How many canals are in that tooth?

2TheApex: Expect multiple canals until proven otherwise.

Except for maxillary anteriors, all teeth should be expected to have more than one canal. Some commonly missed canals are MB2, the lingual canal in mandibular anterior teeth, second (or third!) canals in premolars, and a second distal canal in mandibular molars. Recently I had a very interesting case that was a new one for me: a second palatal canal in a maxillary molar.



Cone fit: Note palatal cone offset to the distal of the root.


Final: 4 canals, with 2 canals in the palatal root.


The palatal canals shared a common orifice, and the additional canal was not evident on initial access.  The canals bifurcated apical to the orifice, and the second canal was located with the aid of the dental microscope to the mesial.  A very interesting case, and a good reminder to always expect the unexpected.

When to use the CBCT?

2TheApex:  When a conventional periapical radiograph is inadequate. (the uber simplified answer)

The AAE has published a revised position paper on the use of CBCT.  You can find it HERE(click).  This is the complete answer of when CBCT is indicated.  It’s a quick and easy 7 pages.

Example Case

CBCT Vs. Conventional Periapical radiograph. (recent case from Dr. Nordeen)

Pre-op periapical Image of Maxillary right

#4 PA

Obvious Findings: Radiolucent lesion tooth #4. Possible lesion tooth #2???

CBCT (mid-retreatment of tooth #4) of the same area using a custom curve. Note apex of tooth #7 caught in the field.

CBCT 2,4,7

Video while scrolling through CBCT. (from cervical to apices and back) Video is slightly zoomed in, so the detail we view images is better than this normally.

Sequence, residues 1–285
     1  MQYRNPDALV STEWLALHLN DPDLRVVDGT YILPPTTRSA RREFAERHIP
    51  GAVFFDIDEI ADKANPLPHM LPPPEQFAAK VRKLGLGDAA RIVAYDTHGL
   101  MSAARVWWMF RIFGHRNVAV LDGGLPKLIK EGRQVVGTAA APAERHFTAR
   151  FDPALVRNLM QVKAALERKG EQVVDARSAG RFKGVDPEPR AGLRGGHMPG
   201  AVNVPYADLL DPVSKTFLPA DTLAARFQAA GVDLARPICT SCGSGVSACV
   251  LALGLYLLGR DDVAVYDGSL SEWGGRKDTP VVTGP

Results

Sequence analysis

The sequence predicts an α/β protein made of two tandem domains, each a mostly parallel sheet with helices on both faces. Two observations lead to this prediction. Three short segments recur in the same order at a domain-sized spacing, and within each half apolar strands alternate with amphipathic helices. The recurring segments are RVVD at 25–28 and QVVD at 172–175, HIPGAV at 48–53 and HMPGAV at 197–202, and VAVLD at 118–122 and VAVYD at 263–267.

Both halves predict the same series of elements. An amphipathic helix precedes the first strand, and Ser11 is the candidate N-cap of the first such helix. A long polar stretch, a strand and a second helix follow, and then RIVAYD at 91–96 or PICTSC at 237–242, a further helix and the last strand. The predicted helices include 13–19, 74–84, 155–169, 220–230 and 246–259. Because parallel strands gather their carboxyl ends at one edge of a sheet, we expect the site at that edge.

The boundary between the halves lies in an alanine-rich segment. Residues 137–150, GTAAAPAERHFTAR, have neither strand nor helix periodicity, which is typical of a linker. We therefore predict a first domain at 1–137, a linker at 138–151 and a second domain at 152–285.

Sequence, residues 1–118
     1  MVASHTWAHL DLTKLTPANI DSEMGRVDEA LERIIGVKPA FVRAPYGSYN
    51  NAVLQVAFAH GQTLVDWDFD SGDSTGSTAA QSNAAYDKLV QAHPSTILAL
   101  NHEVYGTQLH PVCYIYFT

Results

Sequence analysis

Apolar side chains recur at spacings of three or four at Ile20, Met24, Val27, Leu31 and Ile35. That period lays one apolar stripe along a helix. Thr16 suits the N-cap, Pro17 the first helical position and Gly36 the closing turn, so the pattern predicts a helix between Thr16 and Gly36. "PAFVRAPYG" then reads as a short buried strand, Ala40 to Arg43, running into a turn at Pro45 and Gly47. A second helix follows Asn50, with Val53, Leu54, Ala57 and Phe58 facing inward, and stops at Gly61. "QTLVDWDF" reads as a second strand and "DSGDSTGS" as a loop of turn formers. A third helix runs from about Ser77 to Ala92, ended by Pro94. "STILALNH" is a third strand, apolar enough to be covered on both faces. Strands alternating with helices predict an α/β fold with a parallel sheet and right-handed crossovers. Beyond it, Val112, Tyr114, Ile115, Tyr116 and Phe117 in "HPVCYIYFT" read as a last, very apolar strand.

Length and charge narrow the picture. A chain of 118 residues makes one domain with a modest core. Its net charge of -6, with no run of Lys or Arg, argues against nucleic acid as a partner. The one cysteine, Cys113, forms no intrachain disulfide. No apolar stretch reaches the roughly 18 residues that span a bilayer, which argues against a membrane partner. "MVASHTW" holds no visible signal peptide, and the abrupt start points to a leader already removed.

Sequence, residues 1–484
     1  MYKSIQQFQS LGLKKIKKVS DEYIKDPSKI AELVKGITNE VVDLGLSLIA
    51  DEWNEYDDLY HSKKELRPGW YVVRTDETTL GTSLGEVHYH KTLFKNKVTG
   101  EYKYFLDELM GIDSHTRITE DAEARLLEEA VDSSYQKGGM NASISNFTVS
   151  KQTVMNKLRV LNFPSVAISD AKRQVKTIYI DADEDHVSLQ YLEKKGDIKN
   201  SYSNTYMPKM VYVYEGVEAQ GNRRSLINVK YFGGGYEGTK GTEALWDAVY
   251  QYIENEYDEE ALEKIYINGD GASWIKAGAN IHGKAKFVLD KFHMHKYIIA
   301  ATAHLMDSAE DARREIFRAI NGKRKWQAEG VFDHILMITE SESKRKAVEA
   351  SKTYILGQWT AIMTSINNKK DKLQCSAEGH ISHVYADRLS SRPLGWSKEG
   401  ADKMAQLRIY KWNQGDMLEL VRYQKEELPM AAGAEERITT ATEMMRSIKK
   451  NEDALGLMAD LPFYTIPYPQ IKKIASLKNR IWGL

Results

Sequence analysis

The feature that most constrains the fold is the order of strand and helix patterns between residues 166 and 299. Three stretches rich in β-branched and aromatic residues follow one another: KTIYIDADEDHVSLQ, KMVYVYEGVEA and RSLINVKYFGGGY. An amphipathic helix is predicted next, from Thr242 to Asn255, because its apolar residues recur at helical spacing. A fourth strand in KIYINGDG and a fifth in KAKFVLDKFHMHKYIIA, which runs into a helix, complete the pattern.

Obvious findings with Cone Beam: Radiolucent lesions on teeth #2, #4 and #7.  Almost complete furcal bone loss on tooth #2.

In our practice we use it routinely for surgery, retreatment, resorptive defects, inconclusive diagnosis and trauma. This technology has become as important in our practice as the microscope in providing the best care possible for our patients.  We have gone from using it only several times a month to almost daily.  This has been the next “game changer” in endodontics.

One poke or two??


2TheApex:  Two inferior alveolar nerve blocks (IANB) are more effective than one in both symptomatic and asymptomatic patients.

A recent article published in the Journal of Endodontics showed that administering 2 carpules of local anesthetic was significantly more effective at achieving profound lip anesthesia.  3169 people participated in the study with failure rates of 7.7% with one carpule, and 2.3% with two carpules of 2% Lido with 1:100,000 epi.  Although this may seem like common sense, it is the first article to show that increasing volume will increase IANB success rates.  This study only examined anesthetic success in terms of lip numbness, not as a pain free procedure.  As we all know, pain can still be present during the procedure even with profound lip numbness. However, adequate anesthesia will almost never be achieved without first achieving lip numbness as a sign of a successful IANB first.

Which irrigating solution is the best?


2TheApex:  Sodium hypochlorite

An ideal endodontic irrigant disinfects the canal, act as a lubricant, removes debris, dissolves tissue, removes the smear layer, and is safe for the patient.  Although there is no perfect irrigating solution, one does stand head and shoulders above the rest: sodium hypchlorite (NaOCl).  In a review article of irrigating solutions, Haapasallo stated “It is difficult to imagine successful irrigation of the root canal without hypochlorite.”  Sodium hypochlorite cannot fill all the criteria by itself, and so a chelating such as EDTA is used to help facilitate smear layer removal, but no other irrigant fits the criteria of an ideal irrigating solution better.  There are risks to using sodium hypchlorite, and it must be used with caution to avoid extrusion into periapical tissues.  Other irrigating solutions have been shown to be potentially beneficial in some circumstances, but if possible they should be used as an adjunct and not as the only irrigant.  At this point in time, the research is clear that NaOCl is the best endodontic irrigating solution available.


What is that purple stuff in my access?